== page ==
Today I was sent this:
It purports to be a briefing sheet used by an AQA advisor to justify the movement of controlled assessment grade boundaries in this summer’s GCSE English exam (otherwise referred to as the GCSE fiasco.) I can’t vouch for its provenance beyond saying that it was emailed to me from a Head of English at another school who I have no reason to believe would have sent her time inventing fake documents. But you never know.
Now, the arguments about grade boundaries have been rehashed endlessly over the past few months and I have little to add to that debate here. No, the only contentious item in this missive is the fact that AQA appear to be saying that they need to shift boundaries in case students gain an unfair advantage due to having decent teachers. The, not entirely unreasonable, premise would appear to be that if a teacher is “familiar with the specification and its requirements” they will be “better able to teach candidates in a way that helps them to meet the assessment criteria”.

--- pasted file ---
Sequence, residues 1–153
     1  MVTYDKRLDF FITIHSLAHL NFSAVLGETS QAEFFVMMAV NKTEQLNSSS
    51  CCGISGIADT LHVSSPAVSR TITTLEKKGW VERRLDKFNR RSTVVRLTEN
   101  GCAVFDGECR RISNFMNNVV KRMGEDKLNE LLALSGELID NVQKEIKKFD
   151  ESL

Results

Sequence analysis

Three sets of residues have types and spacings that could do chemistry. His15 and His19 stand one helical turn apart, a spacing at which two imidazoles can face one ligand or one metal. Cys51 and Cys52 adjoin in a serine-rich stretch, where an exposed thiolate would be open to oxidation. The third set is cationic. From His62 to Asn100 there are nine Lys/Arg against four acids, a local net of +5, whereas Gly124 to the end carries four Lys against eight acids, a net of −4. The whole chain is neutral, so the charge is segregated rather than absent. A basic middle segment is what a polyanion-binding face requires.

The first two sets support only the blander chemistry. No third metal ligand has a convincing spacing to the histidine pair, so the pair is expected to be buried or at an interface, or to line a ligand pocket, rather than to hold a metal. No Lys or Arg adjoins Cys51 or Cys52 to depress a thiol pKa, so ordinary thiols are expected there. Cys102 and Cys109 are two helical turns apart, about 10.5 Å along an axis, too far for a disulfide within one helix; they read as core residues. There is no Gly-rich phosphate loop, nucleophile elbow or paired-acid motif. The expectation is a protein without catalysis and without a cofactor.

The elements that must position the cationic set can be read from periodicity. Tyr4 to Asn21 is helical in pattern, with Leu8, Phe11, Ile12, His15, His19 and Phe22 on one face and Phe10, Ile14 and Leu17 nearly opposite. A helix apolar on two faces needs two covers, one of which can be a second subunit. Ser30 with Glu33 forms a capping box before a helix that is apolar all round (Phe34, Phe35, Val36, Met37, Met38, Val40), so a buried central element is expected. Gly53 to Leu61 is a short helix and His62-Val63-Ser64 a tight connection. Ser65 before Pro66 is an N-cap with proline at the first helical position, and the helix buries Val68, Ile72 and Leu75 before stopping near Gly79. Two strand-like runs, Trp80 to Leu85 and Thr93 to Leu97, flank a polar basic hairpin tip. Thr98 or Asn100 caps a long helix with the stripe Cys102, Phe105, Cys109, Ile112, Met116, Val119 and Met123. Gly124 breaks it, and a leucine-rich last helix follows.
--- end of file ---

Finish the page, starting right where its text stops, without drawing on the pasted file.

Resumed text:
Well, duh! Isn’t that the main reason teachers become examiners or moderators? Isn’t it a professional duty to be “familiar” with the exam specifications you teach? And since when has teaching well been an unfair advantage? Surely all teachers have an equal opportunity not to be shit?
I am, possibly, misinterpreting all this. I’m sure there’s a perfectly reasonable explanation which will, in due course, become clear to me. The alternative is that under the guise of rigour, exams are going to made increasingly mysterious: ignorance will be the new expertise.
So, help me out here, is teaching cheating?
And indeed, it turns out that all this is entirely true. Here’s a link to the same document on the AQA website.